Tenkara USA Updates Product Line for 2012


From Tenkara USA:

Unlike most manufacturers, Tenkara USA – the first company to introduce the Japanese method of fly-fishing to the US, has decided to eschew releasing “new” rods and products every year, instead choosing to focus on the Japanese concept of kaizen, continued improvement, of all its products. This will mean fewer press-releases, but a lineup of products that stands the test of time, remains simple and becomes the best in the world in the tenkara category of fly-fishing.

Newest Tenkara USA rod: ITO

In its continue improvement work, every now and then Tenkara USA will push a product beyond the boundaries of its current offerings, and only then will a new product be released. This is the case with the our newest tenkara rod, the Ito. The Ito is a work of 3 years of continued improvements on our rods, where we accepted feedback from our teachers in Japan and suggestions from tenkara anglers in the US. The Ito is a rod that can be fished as a 13ft long rod or a 14ft 7inches long! While this may sound like a scary length, anyone who fishes tenkara, and those who have experience with the Ito will tell you its length is perfect for just about any mountain stream, large or small. At $235.95 the Ito is our most premium rod and comes with lifetime warranty, with uncomplicated repairs by replacing rod segments if necessary.

New Tenkara USA concept product
: Shorten your rod with an add-on segment
We have decided to play a bit with the telescopic functionality of tenkara rods, where segments collapse into one another and can easily be removed or replaced. For 2012 we have decided to offer an add-on option to our customers looking for a shorter tenkara rod. Tenkara rods normally range from 11ft in length to 14ft 7inches, with 12ft being the average length. This length is counter-intuitive but provides for great advantages in mountain streams, large or small. However, we understand there are people that like fishing VERY small mountain streams. With them in mind, and to keep our rod lineup simple and versatile and not force anglers to buy a brand new rod, we have decided to make available inexpensive add-on handle segments that allow anglers to shorten their rods. Thus, an angler could have his standard 12ft rod, but if he really feels it is necessary now he has the option of purchasing a handle segment to make the rod 11ft long or 9ft4inches. One simply removes the bottom cap of the rod, removes all segments that are inside of it, and inserts them minus the first one into the new handle segment. This for only $39.95.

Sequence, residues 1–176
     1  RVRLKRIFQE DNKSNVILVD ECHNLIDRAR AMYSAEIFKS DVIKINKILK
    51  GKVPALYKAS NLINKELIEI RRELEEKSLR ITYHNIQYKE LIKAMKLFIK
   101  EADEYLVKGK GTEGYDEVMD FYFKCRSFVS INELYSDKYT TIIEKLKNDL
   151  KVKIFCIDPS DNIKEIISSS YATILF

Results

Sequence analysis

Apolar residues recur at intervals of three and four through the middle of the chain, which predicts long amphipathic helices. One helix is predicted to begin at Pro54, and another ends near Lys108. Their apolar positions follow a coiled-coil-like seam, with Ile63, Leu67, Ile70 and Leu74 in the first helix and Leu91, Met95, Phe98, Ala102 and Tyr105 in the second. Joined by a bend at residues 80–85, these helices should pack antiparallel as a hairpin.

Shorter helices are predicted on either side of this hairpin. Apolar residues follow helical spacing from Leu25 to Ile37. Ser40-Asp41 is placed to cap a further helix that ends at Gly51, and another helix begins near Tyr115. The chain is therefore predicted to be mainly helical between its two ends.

New Traditional Tenkara Lines, by Tenkara USA:
We have greatly improved our traditional tenkara lines for 2012, making them more supple, easier to cast and importantly tweaking their design so they don’t “recoil” back when freed from a snag. This is an improvement over any existing traditional tenkara lines, which are tapered and furled. $19.95.

New Tenkara nets:
We have improved the design of our original tenkara nets and added a new size to the lineup: now available in 9inches or 10.5 inches diameter. Our tenkara nets feature the original design of traditional tenkara nets, with the frame positioned at an angle from the handle and a super fine mesh (2mm). The angle makes tenkara nets not only unique and exquisite, but also highly functional, and the fine mesh offers several advantages to angler and fish. The angled net allows you to position it on your back, through the wading belt, while the net stays off your back and allows for free movement. When fishing in shallower water you can press it behind your knees after you net a fish so you can use both hands to manage the fish, or take a picture. It has become our favorite picture-taking device. If in deeper water, you can also leave the handle through your wading belt on your side as you have both hands free to unhook the fish or take a picture. The round handle also ensures you can position it between your legs, or the positions mentioned above, and it won’t turn. In sum, a very well designed angler’s tool.



  1. Rick Setina on

    I like the idea of being able to shorten the rods by changing handles. I may look into this, though I wonder how the new handle will change the stiffness of the original rod. It’s worth a try for $40.

  2. Pingback: Creative Craftsmanship | Dispatches from the Middle River

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